Financial Warfare Against Russia Escalates Drive for General War

December 17, 2014

Open statements of economic warfare against Russia by top British and American officials have confirmed once again the recent charges by Russian Foreign Minister Sergey Lavrov that the sanctions against Russia and other measures of financial and economic warfare are part of a regime-change agenda coming from the West. Some Russian oligarchs are clearly playing into the British scenario by engaging in hyper-speculation against the ruble and flight capital.

Lavrov had an interview yesterday with France 24 TV and was direct and explicit about how his government is viewing the sanctions:

Q: So you're not afraid that we could see an economic meltdown in Russia?

Sergey Lavrov: Never. Economic meltdown could happen to a small country. It can happen even to a big country like Ukraine, and it's basically almost there. Russia is doing whatever we can to help resolve the crisis in Ukraine--not to please the West, not to ask for sanctions relief, but because we are seriously concerned. Contrary to what the Europeans feel, we are seriously concerned about the future of Ukraine and Ukrainian economy. Actually, speaking of sanctions and, you know, that this is a sign of irritation, not an instrument of serious policies.

The latest portion of sanctions which was voted in the European Union last September was introduced the next day after the Minsk protocol was signed. This is a very interesting logic, you know, to stimulate the political process. So the next morning after the huge achievement was reached, which was praised by everyone, the gentleman, what was his name, Van Rompuy, declared that there was a new portion of sanctions being introduced in Russia. If this is the European choice, if this is what Europe has as a reaction to something positive, then I once again can only say that we hugely overestimated European independence in foreign policy.

Q: Are sanctions, as some people are thinking, a way of trying to create a regime change in Russia?

Sergey Lavrov: I have very serious reasons to believe that this is the case.

Q: Really?

Sergey Lavrov: Yes. Some politicians don't even hide it.

Lavrov could have been referring to recent statements by President Obama, who was quoted today by the Daily Telegraph's Ambrose Evans Pritchard in an article gloating over the Russian ruble crisis, which, he claims, will result in $130 billion in flight capital out of Russia this year. Pritchard noted, before quoting Obama, that
"Credit default swaps (CDS) measuring bond risk in Russia soared 67 points to 556 on Monday, pricing in a 28pc chance of a sovereign default within five years," further noting that Ukraine is facing an imminent debt restructuring that will further harm Russian banks.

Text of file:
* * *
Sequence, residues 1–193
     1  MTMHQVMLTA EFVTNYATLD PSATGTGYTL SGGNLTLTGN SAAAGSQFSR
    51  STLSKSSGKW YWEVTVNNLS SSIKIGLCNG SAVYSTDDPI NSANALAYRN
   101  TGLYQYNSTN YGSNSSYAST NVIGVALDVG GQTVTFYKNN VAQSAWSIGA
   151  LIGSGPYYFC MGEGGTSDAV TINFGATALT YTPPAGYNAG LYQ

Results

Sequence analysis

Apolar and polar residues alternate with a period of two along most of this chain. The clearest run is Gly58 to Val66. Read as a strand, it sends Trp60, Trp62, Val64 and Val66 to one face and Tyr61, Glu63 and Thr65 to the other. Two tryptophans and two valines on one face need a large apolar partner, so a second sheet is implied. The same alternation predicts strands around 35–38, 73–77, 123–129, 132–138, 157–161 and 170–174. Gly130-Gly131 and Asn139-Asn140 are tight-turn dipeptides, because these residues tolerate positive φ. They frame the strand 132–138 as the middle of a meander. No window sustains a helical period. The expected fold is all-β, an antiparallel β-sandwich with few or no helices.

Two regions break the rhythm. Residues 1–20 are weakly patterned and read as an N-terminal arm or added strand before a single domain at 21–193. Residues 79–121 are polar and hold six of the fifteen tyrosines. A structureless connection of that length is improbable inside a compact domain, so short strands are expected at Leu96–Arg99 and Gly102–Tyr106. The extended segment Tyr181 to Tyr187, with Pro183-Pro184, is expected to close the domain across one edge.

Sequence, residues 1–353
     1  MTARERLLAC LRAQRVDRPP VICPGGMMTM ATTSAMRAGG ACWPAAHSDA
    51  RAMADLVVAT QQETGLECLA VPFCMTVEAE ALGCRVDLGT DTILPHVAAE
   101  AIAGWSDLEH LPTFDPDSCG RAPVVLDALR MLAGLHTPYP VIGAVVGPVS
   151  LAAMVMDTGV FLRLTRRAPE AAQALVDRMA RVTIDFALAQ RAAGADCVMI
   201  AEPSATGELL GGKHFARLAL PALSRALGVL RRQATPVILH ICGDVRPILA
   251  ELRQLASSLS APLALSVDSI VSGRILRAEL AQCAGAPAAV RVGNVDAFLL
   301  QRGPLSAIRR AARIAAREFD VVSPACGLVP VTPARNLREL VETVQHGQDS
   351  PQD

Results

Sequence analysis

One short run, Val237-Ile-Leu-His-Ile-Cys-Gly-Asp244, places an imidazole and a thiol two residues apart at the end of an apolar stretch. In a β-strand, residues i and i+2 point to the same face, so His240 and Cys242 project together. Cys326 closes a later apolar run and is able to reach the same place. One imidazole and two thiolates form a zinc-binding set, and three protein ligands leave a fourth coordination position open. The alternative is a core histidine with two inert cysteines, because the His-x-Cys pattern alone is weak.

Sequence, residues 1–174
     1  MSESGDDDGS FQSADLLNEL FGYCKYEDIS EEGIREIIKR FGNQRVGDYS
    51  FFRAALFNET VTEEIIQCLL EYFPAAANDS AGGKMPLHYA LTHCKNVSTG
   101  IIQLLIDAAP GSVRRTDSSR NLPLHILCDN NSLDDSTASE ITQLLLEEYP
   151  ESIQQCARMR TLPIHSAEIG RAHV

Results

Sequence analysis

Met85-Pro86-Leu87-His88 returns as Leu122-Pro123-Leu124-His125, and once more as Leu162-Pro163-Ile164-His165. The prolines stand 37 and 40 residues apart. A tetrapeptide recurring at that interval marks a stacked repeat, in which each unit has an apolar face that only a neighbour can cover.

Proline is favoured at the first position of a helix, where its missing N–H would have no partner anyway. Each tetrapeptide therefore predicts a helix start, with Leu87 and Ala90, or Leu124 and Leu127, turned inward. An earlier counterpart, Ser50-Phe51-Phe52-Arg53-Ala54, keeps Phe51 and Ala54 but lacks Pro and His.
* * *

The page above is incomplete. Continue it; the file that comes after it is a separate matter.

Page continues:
After noting that US Congressional Republicans are pushing for new and harsher sanctions, Pritchard quoted Obama:

"The notion that we can simply ratchet up sanctions further and further, and then, ultimately Putin changes his mind I think is a miscalculation. What will ultimately lead to Russia making a strategic decision is if they recognize that Europe is standing with us and will be in it for the long haul and we are patient. And if they see there aren't any cracks in the coalition, then over time, you could see them saying that the costs to their economy outweigh whatever strategic benefits that they get."

"Putin does not have good cards, and he has not played them as well as the Western press seems to give him credit for. Putin will succeed if he creates a rift in the Trans-Atlantic relationship, if we see Europe divided from the United States. That would be a strategic victory for him and I intend on preventing that."

In addition to Obama's open threats, the British Chancellor of the Exchequer, George Osborne, was in New York City this week, addressing the Economic Club of New York along similar lines. Osborne told the audience that the collapse in world oil prices is good for American and British consumers--and bad for Putin.

"This puts a lot more pressure on Vladimir Putin. People had been asking whether sanctions are working, [and] can Putin ride this out with strong oil prices. I don't think that looks so clear now. The Russian budget is heavily dependent on high oil prices. He might be exposed by this."

Washington sources confirm that the Saudis are not relenting in their "war" to drive down oil prices to wreck havoc in many targeted countries--including Russia. On Tuesday, crude oil was being sold on the European spot market for $48 a barrel. The Saudis continue to over-produce, creating an estimated 1.5- to 2- million-barrel-a-day glut, relative to global requirements. The source emphasized that the Saudis are prepared to keep prices low for a prolonged period of time, until many rivals in the oil and natural gas market are bankrupted.

The source elaborated:

"They can sustain the losses longer than any of their rivals. So far, the Obama Administration has made no effort to pressure the Saudis to end the warfare...If the Saudis cut production by as little as 100,000 barrels a day, it would immediately drive oil prices back up to $65 a barrel or higher, just on the perception that they have reversed course."